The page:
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Title: Drivers of Snowfall Accumulation in the Central Idaho Mountains Using Long-Term High-Resolution WRF Simulations
Abstract

The western United States region, an economic and agricultural powerhouse, is highly dependent on winter snowpack from the mountain west. Coupled with increasing water and renewable electricity demands, the predictability and viability of snowpack resources in a changing climate are becoming increasingly important. In Idaho, specifically, up to 75% of the state’s electricity production comes from hydropower, which is dependent on the timing and volume of spring snowmelt. While we know that 1 April snowpack is declining from SNOTEL observations and is expected to continue to decline as indicated by GCM predictions, our ability to understand the variability of snowfall accumulation and distribution at the regional level is less robust. In this paper, we analyze snowfall events using 0.9-km-resolution WRF simulations to understand the variability of snowfall accumulation and distribution in the mountains of Idaho between 1 October 2016 and 31 April 2017. Various characteristics of snowfall events throughout the season are evaluated, including the spatial coverage, event durations, and snowfall rates, along with the relationship between cloud microphysical variables—particularly liquid and ice water content—on snowfall amounts. Our findings suggest that efficient snowfall conditions—for example, higher levels of elevated supercooled liquid water—can exist throughout the winter season but are more impactful when surface temperatures are near or below freezing. Inefficient snowfall events are common, exceeding 50% of the total snowfall events for the year, with some of those occurring in peak winter. For such events, glaciogenic cloud seeding could make a significant impact on snowpack development and viability in the region.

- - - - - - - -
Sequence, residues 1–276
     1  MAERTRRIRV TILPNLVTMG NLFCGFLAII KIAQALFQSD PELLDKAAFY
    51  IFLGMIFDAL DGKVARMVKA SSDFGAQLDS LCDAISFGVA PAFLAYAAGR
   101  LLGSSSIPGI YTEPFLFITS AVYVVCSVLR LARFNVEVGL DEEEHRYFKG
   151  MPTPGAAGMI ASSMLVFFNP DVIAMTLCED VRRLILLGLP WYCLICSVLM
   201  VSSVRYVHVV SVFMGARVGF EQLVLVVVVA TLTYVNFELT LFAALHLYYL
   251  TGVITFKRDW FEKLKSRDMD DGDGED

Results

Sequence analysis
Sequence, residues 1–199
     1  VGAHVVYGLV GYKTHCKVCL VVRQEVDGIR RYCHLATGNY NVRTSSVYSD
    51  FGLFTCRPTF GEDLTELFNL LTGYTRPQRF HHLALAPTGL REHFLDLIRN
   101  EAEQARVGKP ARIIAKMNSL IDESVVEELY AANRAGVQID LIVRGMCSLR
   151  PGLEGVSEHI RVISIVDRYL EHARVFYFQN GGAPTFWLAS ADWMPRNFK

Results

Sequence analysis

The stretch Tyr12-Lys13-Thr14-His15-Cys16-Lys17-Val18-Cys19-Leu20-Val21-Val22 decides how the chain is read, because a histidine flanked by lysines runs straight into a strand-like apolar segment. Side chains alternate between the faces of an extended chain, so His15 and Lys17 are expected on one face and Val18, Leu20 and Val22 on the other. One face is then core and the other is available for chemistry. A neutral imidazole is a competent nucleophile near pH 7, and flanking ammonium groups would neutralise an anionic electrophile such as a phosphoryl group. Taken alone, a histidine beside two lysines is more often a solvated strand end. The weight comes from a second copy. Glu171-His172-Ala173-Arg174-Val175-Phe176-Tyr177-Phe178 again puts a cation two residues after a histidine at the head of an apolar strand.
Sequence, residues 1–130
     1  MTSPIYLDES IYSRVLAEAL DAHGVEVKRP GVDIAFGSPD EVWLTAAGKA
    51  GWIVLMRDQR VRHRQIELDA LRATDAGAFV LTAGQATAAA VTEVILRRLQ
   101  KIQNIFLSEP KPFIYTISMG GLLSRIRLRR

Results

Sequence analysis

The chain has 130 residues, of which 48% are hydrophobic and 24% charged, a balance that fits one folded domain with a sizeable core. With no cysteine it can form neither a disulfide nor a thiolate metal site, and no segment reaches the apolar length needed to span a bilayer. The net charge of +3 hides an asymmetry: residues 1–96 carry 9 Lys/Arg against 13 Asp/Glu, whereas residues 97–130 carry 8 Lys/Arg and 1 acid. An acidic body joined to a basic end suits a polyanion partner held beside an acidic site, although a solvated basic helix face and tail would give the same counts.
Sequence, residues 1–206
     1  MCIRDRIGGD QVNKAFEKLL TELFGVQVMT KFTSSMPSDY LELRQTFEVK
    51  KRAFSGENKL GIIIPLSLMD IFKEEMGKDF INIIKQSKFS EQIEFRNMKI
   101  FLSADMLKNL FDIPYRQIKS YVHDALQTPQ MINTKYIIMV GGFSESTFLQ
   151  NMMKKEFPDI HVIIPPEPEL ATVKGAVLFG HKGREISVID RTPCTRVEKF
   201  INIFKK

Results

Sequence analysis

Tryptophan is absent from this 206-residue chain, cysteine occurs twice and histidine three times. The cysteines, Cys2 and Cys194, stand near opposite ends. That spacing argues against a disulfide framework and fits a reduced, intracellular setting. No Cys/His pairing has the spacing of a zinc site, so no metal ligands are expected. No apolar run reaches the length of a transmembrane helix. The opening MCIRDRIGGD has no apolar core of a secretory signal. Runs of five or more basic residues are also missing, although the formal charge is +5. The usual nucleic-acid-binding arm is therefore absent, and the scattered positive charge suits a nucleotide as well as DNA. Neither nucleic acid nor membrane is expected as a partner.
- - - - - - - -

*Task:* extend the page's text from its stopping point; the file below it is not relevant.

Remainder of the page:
Significance Statement

The purpose and significance of this study is to better understand the variability of snowfall event accumulation and distribution in the Payette Mountains region of Idaho as it relates to the local topography, the drivers of snowfall events, the cloud microphysical properties, and what constitutes an efficient or inefficient snowfall event (i.e., its ability to convert atmospheric liquid water into snowfall). As part of this process, we identify how many snowfall events in a season are inefficient to determine the number of snowfall events in a season that are candidates for enhancement by glaciogenic cloud seeding.

 
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NSF-PAR ID:
10459425
Author(s) / Creator(s):
 ;  ;  ;  ;  
Publisher / Repository:
American Meteorological Society
Date Published:
Journal Name:
Journal of Applied Meteorology and Climatology
Volume:
62
Issue:
9
ISSN:
1558-8424
Format(s):
Medium: X Size: p. 1279-1295
Size(s):
["p. 1279-1295"]
Sponsoring Org:
National Science Foundation
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